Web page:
Carvel is an ice cream franchise owned by Focus Brands. Carvel is best known for its soft-serve ice cream and ice cream cakes, which feature a layer of distinctive 'crunchies'. It also sells a variety of novelty ice cream bars and ice cream sandwiches.
|Products||Ice cream, ice cream cakes|
Number of employees
Carvel was founded by Greek-born American Tom Carvel in 1929, when he purchased and began operating an ice cream truck. In 1934, after his truck broke down, Carvel sold his stock of partially melted ice cream, and discovered the market potential of soft ice cream. Carvel subsequently began making and selling soft-serve ice cream; he also developed numerous novelty ice cream items. By 1949, Tom Carvel began franchising the brand, with 50 stores by the early 1950s. By 1985, the franchise had 865 stores. One year before his death, in 1989, Tom Carvel sold the brand and corporation to Investcorp. Since 2001, the corporation has been owned by Roark Capital Group and operated as part of Focus Brands. As of 2018 there were 371 Carvel franchises worldwide.
Novelty ice creamsEdit
Carvel popularized various novelty ice cream items, such as the "Flying Saucer", a circular ice cream sandwich, the "Icy Wycy", a paper cone of sherbet on a stick, "Brown Bonnet" and "Cherry Bonnet," frozen vanilla ice cream on a sugar cone dipped in a sweet, waxy confection, the "Tortoni", a cup of vanilla ice cream covered with toasted coconut and topped with a maraschino cherry, and the "Lollapalooza", cylindrical ice cream on a stick covered with colored sprinkles, as well as the "Mamapalooza" and "Papapalooza".
The mainstays of Carvel's line of ice cream cakes were 7- to 12-inch rounds, 10 x 14 and 12 x 17-inch sheet cakes, and the "Carvelog", a log-shaped cake made in a cylindrical mold. In addition to Cookie Puss, Fudgie the Whale and Hug-Me the Bear, there were special cakes for most major holidays, including a "Flower Basket" for Mother's Day, "Hoot The Owl" for June graduations, "Dumpy the Pumpkin" and "Wicky The Witch" for Halloween, "Tom the Turkey" for Thanksgiving, "Seamus The Leprechaun" or "Cookie O'Puss" for St. Patrick's Day, and Santa Claus or a "Snow Man" for Christmas. Most of these were made from one of a limited number of molds; the Santa Claus cake had a two-pointed hat because the mold was ordinarily inverted and used the rest of the year to make Fudgie the Whale, who had a tail. Their primary differences from products available year-round were the designs on the icing.
Carvel introduced the Lil' Love ice cream cake on March 30, 1998. The commercials, which first appeared in its introduction, show small children in special situations, such as losing a baby tooth, starring in a class play, getting an A in a school class, and getting new glasses (sung to the tune of "Ta-ra-ra Boom-de-ay"). A mother presents the new cake to celebrate. All ads carry the tag line Surprise someone special tonight.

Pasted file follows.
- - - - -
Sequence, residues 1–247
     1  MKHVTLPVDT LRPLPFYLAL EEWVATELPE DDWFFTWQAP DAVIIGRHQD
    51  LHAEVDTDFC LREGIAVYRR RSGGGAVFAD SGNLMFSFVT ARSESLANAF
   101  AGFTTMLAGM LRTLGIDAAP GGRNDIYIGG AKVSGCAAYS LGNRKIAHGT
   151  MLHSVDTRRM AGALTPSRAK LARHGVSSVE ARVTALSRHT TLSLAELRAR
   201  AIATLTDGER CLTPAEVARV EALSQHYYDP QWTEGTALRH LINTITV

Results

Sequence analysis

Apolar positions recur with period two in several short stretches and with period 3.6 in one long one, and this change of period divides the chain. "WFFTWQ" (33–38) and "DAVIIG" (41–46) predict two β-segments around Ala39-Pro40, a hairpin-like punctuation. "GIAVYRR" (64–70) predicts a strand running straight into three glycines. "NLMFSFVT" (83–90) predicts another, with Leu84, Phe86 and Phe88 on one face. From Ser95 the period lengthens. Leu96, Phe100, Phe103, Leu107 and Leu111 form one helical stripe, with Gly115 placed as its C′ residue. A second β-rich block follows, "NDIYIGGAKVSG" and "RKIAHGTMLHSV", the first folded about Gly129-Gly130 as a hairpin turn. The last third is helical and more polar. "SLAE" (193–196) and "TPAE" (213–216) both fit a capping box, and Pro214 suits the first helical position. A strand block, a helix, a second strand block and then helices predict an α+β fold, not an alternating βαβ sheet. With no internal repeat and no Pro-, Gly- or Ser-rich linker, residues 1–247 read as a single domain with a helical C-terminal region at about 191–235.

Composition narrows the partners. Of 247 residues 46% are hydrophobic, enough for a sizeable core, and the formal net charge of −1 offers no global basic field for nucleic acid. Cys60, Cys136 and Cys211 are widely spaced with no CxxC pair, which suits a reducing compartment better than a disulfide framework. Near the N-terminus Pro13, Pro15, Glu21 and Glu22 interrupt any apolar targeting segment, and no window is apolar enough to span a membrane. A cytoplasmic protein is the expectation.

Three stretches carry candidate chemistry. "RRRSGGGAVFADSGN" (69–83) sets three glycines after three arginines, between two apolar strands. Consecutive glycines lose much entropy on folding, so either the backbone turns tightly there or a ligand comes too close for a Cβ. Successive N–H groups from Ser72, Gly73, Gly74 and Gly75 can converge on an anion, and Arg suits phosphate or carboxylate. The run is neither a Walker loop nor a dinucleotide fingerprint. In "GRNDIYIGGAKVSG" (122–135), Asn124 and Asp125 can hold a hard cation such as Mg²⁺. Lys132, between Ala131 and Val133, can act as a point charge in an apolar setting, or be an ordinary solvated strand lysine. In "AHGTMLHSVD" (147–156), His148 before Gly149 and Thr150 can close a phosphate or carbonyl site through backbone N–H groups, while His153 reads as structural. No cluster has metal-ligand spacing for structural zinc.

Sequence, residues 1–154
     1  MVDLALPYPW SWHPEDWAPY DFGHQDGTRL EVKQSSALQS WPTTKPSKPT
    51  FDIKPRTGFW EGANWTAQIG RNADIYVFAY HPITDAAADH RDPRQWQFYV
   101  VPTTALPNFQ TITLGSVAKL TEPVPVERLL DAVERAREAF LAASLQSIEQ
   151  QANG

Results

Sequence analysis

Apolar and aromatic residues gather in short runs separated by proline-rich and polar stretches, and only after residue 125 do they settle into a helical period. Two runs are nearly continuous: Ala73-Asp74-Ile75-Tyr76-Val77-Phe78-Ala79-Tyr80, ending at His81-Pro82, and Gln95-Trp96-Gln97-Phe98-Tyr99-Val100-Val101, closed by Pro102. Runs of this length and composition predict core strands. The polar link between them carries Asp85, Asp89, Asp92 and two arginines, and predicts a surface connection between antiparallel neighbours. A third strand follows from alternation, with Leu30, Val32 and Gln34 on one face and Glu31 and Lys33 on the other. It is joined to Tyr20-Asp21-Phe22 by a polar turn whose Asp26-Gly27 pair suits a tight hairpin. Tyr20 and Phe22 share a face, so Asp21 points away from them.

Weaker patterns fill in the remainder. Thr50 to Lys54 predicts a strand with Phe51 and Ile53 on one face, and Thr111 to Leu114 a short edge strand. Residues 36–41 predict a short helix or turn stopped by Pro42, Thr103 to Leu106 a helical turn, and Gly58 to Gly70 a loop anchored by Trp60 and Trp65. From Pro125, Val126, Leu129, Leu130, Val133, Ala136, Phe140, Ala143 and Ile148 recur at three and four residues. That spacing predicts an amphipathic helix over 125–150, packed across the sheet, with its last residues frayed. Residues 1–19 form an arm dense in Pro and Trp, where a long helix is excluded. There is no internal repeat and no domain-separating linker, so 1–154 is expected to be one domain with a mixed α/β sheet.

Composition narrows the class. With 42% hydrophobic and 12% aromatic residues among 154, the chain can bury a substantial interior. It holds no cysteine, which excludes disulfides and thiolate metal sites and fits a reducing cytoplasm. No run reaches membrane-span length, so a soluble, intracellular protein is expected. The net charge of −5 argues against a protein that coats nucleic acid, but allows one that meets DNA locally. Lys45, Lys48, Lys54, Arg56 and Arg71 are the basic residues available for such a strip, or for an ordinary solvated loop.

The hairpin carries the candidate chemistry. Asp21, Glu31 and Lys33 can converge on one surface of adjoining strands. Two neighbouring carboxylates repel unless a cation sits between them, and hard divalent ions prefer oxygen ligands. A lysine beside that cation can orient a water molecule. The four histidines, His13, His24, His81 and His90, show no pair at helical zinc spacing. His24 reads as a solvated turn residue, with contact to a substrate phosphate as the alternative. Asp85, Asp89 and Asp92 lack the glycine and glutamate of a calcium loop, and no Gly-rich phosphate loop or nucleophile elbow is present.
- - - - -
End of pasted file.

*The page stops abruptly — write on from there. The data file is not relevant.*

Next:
Carvel was founded and operated by Tom Carvel for its first 60 years. In 1929, Carvel borrowed $15 ($200 today) from his future wife Agnes and used it to buy and operate an ice cream truck. Over Memorial Day weekend of 1934, Carvel's truck had a flat tire in Hartsdale, New York. Carvel sold his custard at the site of the breakdown. Within two days Carvel had sold his entire stock, much of it partly melted. He realized that a fixed location and soft (as opposed to hard) frozen desserts were good business ideas. In his first year, he grossed over $3,500. By 1937 he had a custard stand at the Hartsdale site, with a freezer which allowed him to make his own frozen custard. By 1939, gross was over $6,000.
In the early 1940s, Tom Carvel traveled, selling custard at carnivals, while his wife Agnes ran the Hartsdale location. During World War II he ran the ice cream stands at Fort Bragg in North Carolina, gaining expertise in refrigeration technology. He invented and patented a freezer, the "Custard King", and in 1947 sold 71 freezers at $2,900 each. Some freezer purchasers defaulted on payments on the units. Upon investigation, Carvel found that they were running their businesses inefficiently, choosing poor locations and not always maintaining high health standards. Carvel decided that the best course was to participate in running the operations of his freezer customers. He later claimed this led him to develop the concept of franchising.
Franchising and advertisingEdit
In 1949, Carvel began franchising under the name "Carvel Dari-Freez". By the early 1950s, the company had over 50 stores. New franchisees undertook an 18-day training program at the "Carvel College of Ice Cream Knowledge", and were sent an in-house magazine called "The Shopper's Road". In addition Carvel provided building plans for franchises, which were initially stand-alone glass fronted stores.
In 1955, Tom Carvel began to record his own radio commercials. An unsubstantiated anecdote relates that he was driving in New York City, and heard a commercial for a new Carvel's store which did not mention the new store's location. Convinced he could do better, he drove to the radio station and did the next commercial himself. True or not, from 1955 onwards, Carvel recorded nearly all of the chain's advertising, eventually maintaining an in-house production studio at the headquarters offices, and becoming something of a regional celebrity.